“Adam Higerd in comments(in reply to MaxxaM): No, the question itself is always valid. It is the responsibility of the physician to interpret the results. It would of course be foolishness for a physician to blindly accept the patient’s answer at all times. But UNDERSTANDING one’s patient is important, and making assumptions entails risk — asking the question carries no inherent risk; it’s a simple thing to do, and carries the potential of bringing up valuable insight”
I think this is technically correct but in practice the reality is for most it will be using up consultation time eg. there are risks if Doctor’s are using up this valuable limited time asking questions especially if they can be asked and documented prior to the consultation (Dr John Bachman, Professor of Primary Care at the Mayo Clinic, explains how this can be achieved in this excellent Mayo Clinic Proceedings Paper).
”PLMichaelsArtist-at-Large in comments: Very nice work, Dr. Kaminski – without having seen this patient before, you not only came up with a question that he could give a good answer to, you created a caring relationship with him, short as it was… …I understand that everything is hectic and costly, and that most practitioners are doing all that they can, but those moments of true connection – coming from a good question – can do so much to alleviate some of the mental anguish that goes with being ill. It is clear that you did this for both the patient and his family”
When medical history taking questionnaires are compassionately designed powerful moments of connection can happen even before they meet.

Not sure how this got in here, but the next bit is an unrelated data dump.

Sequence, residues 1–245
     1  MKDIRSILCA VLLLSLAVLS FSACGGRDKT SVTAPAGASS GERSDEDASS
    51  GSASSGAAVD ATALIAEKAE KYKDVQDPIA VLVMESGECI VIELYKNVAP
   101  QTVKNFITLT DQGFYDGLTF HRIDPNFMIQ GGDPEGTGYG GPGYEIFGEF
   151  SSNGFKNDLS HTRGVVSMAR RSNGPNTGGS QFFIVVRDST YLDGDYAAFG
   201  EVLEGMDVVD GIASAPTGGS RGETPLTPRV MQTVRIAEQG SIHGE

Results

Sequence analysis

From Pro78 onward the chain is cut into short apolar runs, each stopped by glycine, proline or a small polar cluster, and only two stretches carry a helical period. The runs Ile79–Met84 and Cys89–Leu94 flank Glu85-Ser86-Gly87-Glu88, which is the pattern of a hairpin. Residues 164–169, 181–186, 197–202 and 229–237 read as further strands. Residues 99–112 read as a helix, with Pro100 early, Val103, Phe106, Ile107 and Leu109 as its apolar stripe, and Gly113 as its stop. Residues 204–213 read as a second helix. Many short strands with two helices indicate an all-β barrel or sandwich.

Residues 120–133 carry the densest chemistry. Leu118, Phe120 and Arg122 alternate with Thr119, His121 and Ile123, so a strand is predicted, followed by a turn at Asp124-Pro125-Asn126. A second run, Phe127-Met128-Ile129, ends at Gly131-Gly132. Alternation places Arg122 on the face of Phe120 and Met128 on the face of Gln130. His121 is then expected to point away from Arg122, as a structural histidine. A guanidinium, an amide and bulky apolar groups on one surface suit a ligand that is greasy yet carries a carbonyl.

”MEinVA1 in comments: It’s a little disturbing that so many people posting about this article view Dr. Kaminski’s discovery of collaboration with his patients through the narrow lens of end-of-life decision-making. His epiphany holds great potential across the spectrum of difficult situations in health care, from birth to death”
Another very important observation. The value of sympathetically designed medical history questionnaires extend from prenatal Consults, right through end of life and even into bereavement (for carers and family members of the deceased).
”Nunyun in comments: Now this is what you call a “doctor.” Being a doctor should involve more than pushing pills, ordering tests, and hospital admittance. He did not take a paternalistic approach, but respected this gentleman’s autonomy, and for that he gained not only the patient’s respect, but the family’s … and mine, too. I’m going to “train” my doctor to ask me this … no, I take that back … I’m going to tell her “let me tell you what my goals are!””
This is how I think documentation is totally transforming how medicine is practiced and one of the most important objectives that we’re trying to attain with the consultation report we provide Patients with following their 3GDoctor consultations.
How did you take away from Dr Mitch Kaminski’s article and the comments from readers?